5 treats that help me deal with Covid ‘Stockholm Syndrome’

If Covid has taught us anything it's to appreciate the small things in life. Kathriona Devereux shares what makes her happy
5 treats that help me deal with Covid ‘Stockholm Syndrome’

ONE OF LIFE’S LITTLE TREATS: Kathriona Devereux has two hairdressers — one for cuts and one for colour

I DIDN’T gallop straight to the shops last week. I didn’t even think of it.

I found myself on a Grand Parade bench on Tuesday, dodging showers, and eating my takeaway lunch from the English Market, surprised at all the people walking about clutching shopping bags.

A mere two meters from me (and my lunch) a man urinated against one of those new, chained-to-a-tree, wheelie bins that have been installed but that’s a whole other column! Once I got over that surprise, I realised I had genuinely forgotten what normal city activity looked like, and for a minute I started to pine for the quieter streets. Just for a minute.

I think I, and many others, are suffering from a touch of Stockholm Syndrome, the psychological response that happens when hostages bond with their captors. If you spend a lot of time living with someone, it can become the norm.

I’ve bonded with the Covid-19 restrictions. I didn’t like them at first but I just got used to them, and after subduing any expectations of fun and friendship beyond my immediate family, I’ve kind of forgotten how.

So I’m taking baby steps with the easing of restrictions and am very wary of slipping into a hectic, over-scheduled lifestyle.

If Covid-19 has taught us anything, apart from washing your hands, it’s to stop and smell the roses and to appreciate the small things in life that bring happiness. So here are a few.

Farm Flowers

I have taken to buying myself flowers. A bunch every two weeks. They are grown near Kinsale in an earth-friendly and chemical-free way and you can get them in the English Market.

You might think I’m very fond of myself, spending €17 on a bunch of flowers, but every time I look at them they spark a bit of joy and a tiny bit of dopamine is released in my brain.

I think they are so beautiful, they are practically medicinal!

Outdoor dining

The novelty of eating new foods has been largely lost the past year, but lately I’ve been on a quest to find new things to taste in the city.

Lao Dao Jian Bing is a Chinese street food shop specialising in Chinese crepes and bubble tea on the corner of Grand Parade and Paul Street. The basic jian bing crepe is made with mung bean flour and is filled with egg, scallions, coriander, sesame and crispy wontons crackers.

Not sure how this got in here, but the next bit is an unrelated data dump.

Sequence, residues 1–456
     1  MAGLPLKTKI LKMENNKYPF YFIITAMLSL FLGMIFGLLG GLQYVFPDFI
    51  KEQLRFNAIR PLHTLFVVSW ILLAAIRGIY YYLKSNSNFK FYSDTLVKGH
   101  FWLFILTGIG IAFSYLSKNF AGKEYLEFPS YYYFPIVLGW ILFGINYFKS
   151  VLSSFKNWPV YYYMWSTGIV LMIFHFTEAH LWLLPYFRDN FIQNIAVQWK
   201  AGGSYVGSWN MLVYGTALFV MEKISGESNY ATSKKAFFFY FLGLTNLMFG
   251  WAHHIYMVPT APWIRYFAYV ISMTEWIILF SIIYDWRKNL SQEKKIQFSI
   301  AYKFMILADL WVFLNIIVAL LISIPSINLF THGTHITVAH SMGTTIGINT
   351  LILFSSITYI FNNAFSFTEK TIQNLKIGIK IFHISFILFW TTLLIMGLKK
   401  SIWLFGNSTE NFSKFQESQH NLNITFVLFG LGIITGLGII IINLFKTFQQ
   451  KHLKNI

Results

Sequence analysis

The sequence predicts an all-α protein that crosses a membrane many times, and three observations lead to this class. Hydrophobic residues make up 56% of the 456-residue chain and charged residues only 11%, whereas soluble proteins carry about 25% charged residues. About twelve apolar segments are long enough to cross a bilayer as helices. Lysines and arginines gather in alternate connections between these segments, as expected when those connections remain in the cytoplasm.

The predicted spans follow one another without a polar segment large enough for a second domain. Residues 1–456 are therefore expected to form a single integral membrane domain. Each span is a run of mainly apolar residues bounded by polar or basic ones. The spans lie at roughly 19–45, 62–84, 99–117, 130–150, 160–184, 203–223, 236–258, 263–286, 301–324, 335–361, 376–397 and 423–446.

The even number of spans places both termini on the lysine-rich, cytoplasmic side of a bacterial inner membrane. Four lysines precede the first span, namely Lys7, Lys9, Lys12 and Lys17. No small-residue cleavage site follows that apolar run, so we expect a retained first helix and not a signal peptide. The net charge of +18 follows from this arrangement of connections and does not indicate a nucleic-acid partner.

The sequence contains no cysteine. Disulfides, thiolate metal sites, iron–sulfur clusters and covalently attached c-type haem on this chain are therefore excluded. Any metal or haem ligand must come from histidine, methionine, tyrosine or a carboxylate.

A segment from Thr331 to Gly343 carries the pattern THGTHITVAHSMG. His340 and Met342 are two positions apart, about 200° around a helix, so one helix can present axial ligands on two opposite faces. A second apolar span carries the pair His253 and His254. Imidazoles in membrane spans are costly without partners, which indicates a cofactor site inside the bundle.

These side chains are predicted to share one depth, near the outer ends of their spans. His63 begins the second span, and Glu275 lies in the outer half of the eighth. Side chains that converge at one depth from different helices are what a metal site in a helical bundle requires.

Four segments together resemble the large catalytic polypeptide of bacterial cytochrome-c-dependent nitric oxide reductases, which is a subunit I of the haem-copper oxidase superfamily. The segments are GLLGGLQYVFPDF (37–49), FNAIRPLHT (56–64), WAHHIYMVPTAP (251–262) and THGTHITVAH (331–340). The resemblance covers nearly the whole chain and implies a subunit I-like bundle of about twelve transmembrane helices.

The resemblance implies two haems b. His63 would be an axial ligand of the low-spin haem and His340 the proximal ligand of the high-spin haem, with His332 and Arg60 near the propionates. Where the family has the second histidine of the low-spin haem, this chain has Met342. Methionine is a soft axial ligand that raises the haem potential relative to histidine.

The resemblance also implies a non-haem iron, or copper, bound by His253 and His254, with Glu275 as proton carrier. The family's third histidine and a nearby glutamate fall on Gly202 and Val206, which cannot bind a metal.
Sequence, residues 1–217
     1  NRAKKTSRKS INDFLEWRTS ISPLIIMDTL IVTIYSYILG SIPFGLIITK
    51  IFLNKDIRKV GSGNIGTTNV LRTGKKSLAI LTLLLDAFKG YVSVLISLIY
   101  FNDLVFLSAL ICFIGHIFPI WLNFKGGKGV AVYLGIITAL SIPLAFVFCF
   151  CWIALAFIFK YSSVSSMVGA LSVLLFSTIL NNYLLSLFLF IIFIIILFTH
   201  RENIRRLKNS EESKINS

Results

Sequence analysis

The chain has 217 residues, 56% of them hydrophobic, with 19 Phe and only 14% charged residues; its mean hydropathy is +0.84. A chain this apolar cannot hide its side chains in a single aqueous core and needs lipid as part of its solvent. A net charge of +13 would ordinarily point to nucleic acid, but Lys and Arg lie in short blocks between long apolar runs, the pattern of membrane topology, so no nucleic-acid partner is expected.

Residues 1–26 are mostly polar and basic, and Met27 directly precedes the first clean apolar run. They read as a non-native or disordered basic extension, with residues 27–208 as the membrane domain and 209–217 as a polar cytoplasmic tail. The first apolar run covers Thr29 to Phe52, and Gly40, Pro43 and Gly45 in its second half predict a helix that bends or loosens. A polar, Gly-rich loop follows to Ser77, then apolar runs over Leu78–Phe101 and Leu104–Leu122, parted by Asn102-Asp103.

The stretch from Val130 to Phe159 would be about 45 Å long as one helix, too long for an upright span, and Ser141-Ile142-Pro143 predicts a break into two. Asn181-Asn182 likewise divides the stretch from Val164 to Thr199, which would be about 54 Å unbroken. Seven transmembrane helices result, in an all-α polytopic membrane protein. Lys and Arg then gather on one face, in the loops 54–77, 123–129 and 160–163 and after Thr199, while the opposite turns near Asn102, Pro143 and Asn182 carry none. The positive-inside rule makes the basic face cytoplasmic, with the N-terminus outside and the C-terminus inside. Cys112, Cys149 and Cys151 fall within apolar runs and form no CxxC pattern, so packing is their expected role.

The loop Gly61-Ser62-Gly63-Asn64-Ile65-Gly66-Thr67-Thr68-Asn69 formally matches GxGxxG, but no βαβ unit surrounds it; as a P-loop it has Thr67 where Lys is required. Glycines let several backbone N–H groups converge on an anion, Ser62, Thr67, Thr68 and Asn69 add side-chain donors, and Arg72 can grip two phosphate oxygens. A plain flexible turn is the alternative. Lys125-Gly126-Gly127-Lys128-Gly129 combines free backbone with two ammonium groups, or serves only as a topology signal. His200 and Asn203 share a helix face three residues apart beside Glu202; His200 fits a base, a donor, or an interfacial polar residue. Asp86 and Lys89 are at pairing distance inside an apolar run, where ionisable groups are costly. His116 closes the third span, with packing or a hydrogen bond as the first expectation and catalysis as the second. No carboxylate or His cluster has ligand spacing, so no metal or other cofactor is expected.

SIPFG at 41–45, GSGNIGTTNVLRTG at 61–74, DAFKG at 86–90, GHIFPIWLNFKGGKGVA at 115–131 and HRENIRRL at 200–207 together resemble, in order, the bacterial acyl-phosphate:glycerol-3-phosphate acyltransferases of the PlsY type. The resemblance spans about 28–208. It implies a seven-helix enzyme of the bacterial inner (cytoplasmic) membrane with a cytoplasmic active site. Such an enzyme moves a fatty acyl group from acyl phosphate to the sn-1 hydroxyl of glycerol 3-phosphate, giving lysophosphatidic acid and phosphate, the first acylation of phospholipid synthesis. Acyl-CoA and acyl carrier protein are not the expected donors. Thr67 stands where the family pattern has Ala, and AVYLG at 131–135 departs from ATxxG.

If you eat it on Daunt Square with your eyes closed and pretend the sing-song Cork accent is a Mandarin dialect, you can be transported, in your imagination at least, to a far flung destination with no hotel quarantine stay required.

Bringing a few plastic stools to Anderson Quay to eat spicy noodles from the Marina Market is another way of pretending you are on a city break somewhere like Amsterdam.

In fact, outdoor dining in untypical places is a much more memorable way of marking a birthday than the standard ‘dinner and drinks’ outing of yore. But much layering of clothes (dress like it’s November!) and a flask of hot tea are essential. Plus a hot water bottle if you really want to go ‘out out’.

The Beach

Denied to us for so long because of the 5km restriction, the simple delight of going to the beach had faded in my memory. Meeting up with friends at the beach recently was truly restorative.

The kids played in the sand and the freezing waves (do they not feel the cold?!) and the adults drank tea (see essential flask above) and ate biscuits.

I completely forgot about Covid-19 for at least 20 minutes until someone brought up the vaccine roll-out, and the illusion that it was May, 2019, was broken.

Hairdresser Chat

I love my hairdressers. I have two. I can’t remember how I ended up with two, but one cuts and one does colour in two different establishments in town, and I have been going to them for so long and I enjoy my conversations with them so much that I couldn’t just have one hairdresser.

My husband doesn’t understand that getting my hair done involves two outings, but my hairdressers do and that’s the point.

Mr Colour is great for chat about history, current affairs, good books and tips on how to get the best from tomato plants. Ms Cut has the best laugh in Cork and an hour with her is a tonic that she could sell on the internet for lots of money.

So yes, I was looking forward to getting my hair chopped. I extracted as much pleasure out of the experience as possible just in case it’s another six months before we’re allowed back again!


I once played on the winning side at a final in Páirc Uí Chaoimh. The important thing was we got medals, the fact it was under-12s camogie is irrelevant.

After peaking so early in my sporting career, my love of organised team sports has waned since, but I will happily give a few hours of my life to cheer on Cork in the hurling or football. 

I have been content cheering from the couch watching the recent matches. I can’t begin to entertain the possibility of actually going to a stadium and squashing next to other supporters to watch a match in person. Watching the liveliness and fervour at an U-7 football training session is suiting me just fine for now. As I said baby steps.

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